|Subject:||Re: A note to Yahalome|
|Author:||Yahalome (guest, 184.108.40.206)|
|Date:||November 11, 2002 at 4:40:53 PM|
|Reply to:||A note to Yahalome by Silver|
1) what sounds do the following letters make
dh? D = voiced, T = unvoiced; TH(DH) in 'then' = voiced, TH in 'thin'
ll? This is the Spanish letter, elle, pronounced el-yay, sound y or
ly: i.e. surname Padilla = pah-dee-yah or pah-deel-yah depending on
where in what Spanish-speaking country you are.
ñ? Again, eñe, ane-yay, sound ny: i.e. English canyon is from Sp. cañon, cahn-yone.
2) what do you mean voiced and unvoiced? See my second reply.
3) what about the vowel oy like from toy, nd uw like from two, but to me sounds like the double oo sound, but so many sites say it is unique
oy: say oh-ee fast. Two is oo, as far as I know.
4) the word long, the 'ong' sound, is it made of other elements, or is it unique? (aw+n+ng??)
ong, ing, ang, eng, ung are all ()ng, which is a unique sound, and
represented by the letter n with that little loop, which is borrowed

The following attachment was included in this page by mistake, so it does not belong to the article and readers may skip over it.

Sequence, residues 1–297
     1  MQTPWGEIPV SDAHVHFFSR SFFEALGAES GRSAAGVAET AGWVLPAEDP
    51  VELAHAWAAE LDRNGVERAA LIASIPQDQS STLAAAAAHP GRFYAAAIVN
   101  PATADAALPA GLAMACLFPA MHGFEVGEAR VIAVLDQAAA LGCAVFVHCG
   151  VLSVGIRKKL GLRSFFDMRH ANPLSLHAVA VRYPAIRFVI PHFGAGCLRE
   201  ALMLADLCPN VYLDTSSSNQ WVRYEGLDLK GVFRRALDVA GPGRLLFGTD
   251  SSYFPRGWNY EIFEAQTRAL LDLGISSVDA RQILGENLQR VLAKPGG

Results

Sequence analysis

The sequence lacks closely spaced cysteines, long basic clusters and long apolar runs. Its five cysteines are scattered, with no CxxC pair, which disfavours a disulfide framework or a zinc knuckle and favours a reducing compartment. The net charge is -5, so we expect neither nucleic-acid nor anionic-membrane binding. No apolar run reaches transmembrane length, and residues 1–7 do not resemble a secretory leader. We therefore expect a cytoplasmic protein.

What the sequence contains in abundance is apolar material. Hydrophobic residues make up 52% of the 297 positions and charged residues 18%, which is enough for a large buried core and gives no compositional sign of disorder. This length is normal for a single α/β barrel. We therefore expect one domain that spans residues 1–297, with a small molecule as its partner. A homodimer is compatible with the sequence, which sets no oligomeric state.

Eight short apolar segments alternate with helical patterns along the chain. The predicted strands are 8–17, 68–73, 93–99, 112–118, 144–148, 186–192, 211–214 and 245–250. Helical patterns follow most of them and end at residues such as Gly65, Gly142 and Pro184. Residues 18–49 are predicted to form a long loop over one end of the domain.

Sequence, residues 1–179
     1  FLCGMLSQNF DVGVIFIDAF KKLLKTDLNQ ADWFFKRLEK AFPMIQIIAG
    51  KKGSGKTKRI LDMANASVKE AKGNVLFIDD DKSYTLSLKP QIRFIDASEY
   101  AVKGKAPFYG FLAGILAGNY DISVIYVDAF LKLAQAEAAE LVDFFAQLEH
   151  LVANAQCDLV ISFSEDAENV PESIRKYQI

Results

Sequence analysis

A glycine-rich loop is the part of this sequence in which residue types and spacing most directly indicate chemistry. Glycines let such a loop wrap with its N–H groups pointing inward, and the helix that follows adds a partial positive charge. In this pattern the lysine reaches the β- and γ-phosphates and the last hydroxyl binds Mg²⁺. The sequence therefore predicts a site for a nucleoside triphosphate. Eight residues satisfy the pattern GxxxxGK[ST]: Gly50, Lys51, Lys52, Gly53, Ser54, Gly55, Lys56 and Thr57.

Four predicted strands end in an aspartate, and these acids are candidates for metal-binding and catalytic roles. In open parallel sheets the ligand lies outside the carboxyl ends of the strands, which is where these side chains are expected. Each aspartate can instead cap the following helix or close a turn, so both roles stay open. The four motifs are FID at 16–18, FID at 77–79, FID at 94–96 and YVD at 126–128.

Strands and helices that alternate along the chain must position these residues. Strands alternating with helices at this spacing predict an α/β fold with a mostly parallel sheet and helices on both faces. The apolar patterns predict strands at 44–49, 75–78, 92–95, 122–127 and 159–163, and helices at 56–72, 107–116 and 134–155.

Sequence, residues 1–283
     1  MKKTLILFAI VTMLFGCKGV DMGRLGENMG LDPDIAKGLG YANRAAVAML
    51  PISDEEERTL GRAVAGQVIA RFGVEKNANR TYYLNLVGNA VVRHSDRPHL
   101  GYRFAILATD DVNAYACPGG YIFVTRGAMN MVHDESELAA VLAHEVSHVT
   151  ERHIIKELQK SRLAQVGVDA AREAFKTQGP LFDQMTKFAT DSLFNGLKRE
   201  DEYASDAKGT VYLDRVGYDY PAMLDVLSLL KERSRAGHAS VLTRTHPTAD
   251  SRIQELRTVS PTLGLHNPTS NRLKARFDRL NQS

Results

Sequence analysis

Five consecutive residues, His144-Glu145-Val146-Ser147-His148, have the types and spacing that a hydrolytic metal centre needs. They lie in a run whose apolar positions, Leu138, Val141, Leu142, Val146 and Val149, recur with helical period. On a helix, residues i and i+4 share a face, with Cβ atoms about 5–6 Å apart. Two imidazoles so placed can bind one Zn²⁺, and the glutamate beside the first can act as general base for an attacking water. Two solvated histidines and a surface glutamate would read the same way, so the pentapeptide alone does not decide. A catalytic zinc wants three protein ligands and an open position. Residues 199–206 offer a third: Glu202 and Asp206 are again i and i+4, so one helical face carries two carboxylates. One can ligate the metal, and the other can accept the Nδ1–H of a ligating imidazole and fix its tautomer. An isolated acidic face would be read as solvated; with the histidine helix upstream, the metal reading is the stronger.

from the International Phonetic Alphabet. In ink and finger, the k
and g make the n have that sound, but because the k is not a g, it
keeps it's own sound, because the g is followed by other letters, it
keeps it's own sound.
5) the word picture, can be pronounced like 'peik-chuhr' or u can say the 'ch' part with a t like sound, where the t and ch kind of blur together
Pik-cher. The ture ending almost always sounds cher. I doen't know why, but this is one of the rules of phonics. I'd say sloppy pronounciation accounts for the other. Oh, and note tion = shun! This is what comes of speaking a melting-pot language!
CH is to me TSH. Try it! I'd say J is DZH. Just voice the same letters. Voiced/unvoiced makes for a lot of variations. Y :)
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